I have a couple of newspaper columns published today that I thought I’d flag here on the blog as well.
First, in the Grand Forks Herald, I write about the voter registration issue. North Dakota is the only state in the nation without voter registration. The Legislature is studying the issue during the interim, but so far the idea is getting a cool reception.
I’m interested in voter registration mostly as a means of ending the open primary process here in the state. Currently political parties operating here have no control over who votes for their candidates. The parties are required by law to put their candidates on the primary ballot for endorsement, and then anyone can vote to nominate those candidates for the party. Democrats can vote for Republican candidates, and vice versa. Heck, people who don’t even belong to a political party can vote for the candidates.
That’s wrong. In a perfect world we would take the candidate nomination process out of state law and leave it up to the political parties. Private organizations should be in charge of their own nomination process, don’t you think? But short of that, voter registration would at least give some measure of assurance that those voting for Republican candidates are Republicans, and those voting for Democrat candidates are Democrats, etc., etc.
Second, I have a column in the Minot Daily News today about a local issue we’re considering in the Magic City. Currently petitions are being circulated to put before voters a proposal to reduce our 14 member city council from 14 members apportioned to districts in the city down to 5 members elected at large.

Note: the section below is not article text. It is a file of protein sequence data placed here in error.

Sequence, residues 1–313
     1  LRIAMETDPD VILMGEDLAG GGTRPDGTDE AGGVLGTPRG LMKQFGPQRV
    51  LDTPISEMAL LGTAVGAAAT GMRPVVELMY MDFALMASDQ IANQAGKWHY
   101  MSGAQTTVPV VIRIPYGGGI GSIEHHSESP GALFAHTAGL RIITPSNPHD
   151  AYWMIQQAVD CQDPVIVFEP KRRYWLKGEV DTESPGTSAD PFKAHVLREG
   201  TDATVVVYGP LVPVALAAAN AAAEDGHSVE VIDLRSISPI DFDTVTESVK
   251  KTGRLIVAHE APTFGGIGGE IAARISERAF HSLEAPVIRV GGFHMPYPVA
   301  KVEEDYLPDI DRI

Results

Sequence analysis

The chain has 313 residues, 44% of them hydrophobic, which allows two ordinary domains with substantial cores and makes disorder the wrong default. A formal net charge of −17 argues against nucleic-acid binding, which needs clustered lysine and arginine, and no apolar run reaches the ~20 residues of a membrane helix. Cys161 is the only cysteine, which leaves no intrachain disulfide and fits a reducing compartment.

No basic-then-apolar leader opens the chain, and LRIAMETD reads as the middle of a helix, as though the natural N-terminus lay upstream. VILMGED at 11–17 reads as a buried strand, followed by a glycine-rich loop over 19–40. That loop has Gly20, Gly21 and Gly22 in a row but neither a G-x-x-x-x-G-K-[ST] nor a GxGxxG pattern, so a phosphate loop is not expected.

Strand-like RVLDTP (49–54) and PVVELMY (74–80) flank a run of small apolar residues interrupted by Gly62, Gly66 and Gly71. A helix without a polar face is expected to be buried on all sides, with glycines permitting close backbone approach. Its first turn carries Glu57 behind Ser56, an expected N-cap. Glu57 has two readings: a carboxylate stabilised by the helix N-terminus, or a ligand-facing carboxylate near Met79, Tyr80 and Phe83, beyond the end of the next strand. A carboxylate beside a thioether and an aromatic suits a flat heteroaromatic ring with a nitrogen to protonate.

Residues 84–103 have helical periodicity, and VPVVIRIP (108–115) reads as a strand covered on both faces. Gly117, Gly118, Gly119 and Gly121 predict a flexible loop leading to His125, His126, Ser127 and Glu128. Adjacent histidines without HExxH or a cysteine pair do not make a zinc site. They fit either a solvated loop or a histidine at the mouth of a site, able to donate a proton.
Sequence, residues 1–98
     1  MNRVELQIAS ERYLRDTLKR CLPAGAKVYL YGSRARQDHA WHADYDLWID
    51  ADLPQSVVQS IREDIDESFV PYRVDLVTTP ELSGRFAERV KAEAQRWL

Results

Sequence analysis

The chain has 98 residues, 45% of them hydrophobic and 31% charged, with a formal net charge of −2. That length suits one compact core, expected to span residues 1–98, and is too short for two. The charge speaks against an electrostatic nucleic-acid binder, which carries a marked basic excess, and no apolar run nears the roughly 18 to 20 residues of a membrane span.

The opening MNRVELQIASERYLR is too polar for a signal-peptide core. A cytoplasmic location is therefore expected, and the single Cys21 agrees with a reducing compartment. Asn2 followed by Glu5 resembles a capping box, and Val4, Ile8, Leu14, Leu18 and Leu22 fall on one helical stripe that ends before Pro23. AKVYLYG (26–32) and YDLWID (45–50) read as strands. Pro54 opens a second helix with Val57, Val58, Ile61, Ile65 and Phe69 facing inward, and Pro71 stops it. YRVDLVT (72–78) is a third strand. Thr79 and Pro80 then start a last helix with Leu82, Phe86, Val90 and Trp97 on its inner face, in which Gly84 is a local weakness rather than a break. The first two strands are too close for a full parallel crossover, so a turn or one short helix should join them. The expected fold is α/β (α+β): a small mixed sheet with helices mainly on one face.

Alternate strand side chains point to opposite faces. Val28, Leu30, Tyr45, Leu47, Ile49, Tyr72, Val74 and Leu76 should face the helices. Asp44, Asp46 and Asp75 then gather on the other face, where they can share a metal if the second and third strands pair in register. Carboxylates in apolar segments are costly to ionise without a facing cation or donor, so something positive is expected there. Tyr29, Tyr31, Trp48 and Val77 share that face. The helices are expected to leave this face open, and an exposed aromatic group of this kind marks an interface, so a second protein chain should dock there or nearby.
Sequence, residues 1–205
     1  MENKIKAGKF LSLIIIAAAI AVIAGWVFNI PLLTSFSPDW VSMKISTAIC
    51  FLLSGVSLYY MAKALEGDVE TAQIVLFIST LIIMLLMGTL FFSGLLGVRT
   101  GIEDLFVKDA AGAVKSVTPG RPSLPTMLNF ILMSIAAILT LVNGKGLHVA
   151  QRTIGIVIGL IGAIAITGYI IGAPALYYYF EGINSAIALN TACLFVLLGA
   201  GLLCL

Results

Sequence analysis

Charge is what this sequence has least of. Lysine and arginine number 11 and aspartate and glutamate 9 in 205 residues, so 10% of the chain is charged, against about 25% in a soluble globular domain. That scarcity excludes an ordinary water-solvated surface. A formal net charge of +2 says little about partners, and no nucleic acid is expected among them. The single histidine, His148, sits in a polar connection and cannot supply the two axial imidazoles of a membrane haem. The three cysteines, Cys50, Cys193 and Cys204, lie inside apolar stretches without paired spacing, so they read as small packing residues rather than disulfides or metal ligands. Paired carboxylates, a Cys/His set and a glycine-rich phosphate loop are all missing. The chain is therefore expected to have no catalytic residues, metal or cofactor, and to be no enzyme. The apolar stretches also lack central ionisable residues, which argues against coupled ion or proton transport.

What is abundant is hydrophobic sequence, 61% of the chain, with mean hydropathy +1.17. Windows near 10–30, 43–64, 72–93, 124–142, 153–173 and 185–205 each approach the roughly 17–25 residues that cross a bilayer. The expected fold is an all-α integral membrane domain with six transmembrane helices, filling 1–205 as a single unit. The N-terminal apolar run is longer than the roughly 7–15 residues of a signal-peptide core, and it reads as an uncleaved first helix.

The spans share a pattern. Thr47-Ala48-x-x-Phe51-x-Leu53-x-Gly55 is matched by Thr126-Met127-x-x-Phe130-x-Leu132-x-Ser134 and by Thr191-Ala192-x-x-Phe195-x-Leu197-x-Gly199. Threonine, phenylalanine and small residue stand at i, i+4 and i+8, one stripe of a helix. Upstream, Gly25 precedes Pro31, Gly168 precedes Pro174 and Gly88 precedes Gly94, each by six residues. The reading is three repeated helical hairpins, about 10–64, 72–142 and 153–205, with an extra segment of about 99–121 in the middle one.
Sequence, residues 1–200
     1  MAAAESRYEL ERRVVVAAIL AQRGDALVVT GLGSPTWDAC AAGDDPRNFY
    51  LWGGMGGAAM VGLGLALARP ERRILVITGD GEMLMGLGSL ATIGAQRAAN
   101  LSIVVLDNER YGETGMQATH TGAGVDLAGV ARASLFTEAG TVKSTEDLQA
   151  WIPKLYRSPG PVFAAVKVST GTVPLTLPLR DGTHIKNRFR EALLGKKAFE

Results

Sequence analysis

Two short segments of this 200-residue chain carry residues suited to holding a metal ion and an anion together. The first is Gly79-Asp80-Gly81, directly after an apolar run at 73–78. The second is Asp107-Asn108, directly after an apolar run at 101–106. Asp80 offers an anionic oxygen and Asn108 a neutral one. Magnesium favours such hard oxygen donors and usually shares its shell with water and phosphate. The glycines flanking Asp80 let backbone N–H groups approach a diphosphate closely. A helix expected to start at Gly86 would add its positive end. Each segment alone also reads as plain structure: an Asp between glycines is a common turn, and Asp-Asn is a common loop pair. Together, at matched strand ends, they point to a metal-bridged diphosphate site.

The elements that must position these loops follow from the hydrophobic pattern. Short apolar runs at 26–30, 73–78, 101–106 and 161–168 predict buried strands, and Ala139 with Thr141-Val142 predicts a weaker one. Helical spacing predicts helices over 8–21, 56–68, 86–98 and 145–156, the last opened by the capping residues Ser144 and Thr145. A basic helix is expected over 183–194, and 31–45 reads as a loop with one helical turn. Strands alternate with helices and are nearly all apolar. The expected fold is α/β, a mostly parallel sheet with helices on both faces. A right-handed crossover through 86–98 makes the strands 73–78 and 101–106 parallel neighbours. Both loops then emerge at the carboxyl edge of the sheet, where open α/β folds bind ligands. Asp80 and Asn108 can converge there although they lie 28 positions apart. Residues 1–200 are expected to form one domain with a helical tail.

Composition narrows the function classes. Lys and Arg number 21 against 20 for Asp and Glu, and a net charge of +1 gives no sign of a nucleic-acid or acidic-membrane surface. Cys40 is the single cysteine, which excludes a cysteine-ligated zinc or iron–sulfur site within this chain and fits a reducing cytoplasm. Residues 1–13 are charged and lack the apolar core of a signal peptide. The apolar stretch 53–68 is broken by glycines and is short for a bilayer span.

Here’s an ugly truth: The City of Minot has 14 members of the city council, and just four of them faced competitive elections to win those offices.
Think about that for a moment. Four members of the city’s governing body – which makes spending decisions with millions upon millions of our tax dollars and passes ordinances that we must follow under penalty of law – won their seats on that council through a competitive election where their ideas were challenged by an opponent.
The other 10 are there simply because they put their names on the ballot.
That’s a problem.
Apathy in local elections is, unfortunately, nothing new. Last year, Mayor Chuck Barney won election to his first term in that office with just 1,327 votes. Write-in candidates got 1,033 votes. In all, less than 2,500 Minot citizens even bothered to vote in the mayoral race.
That’s a problem too.
Reducing the size of the city council won’t fix voter apathy in Minot, but it would promote more competitive races for those seats, and electing the council members at large would stop geography from disqualifying two engaged candidates for the council who might otherwise be elected by voters.
That last seems to be the sticking point for most people on the fence about this effort. While that’s a valid concern, Minot isn’t so large a community that we need worry about city councilor’s putting the parochial interests of their neighborhoods above those of others.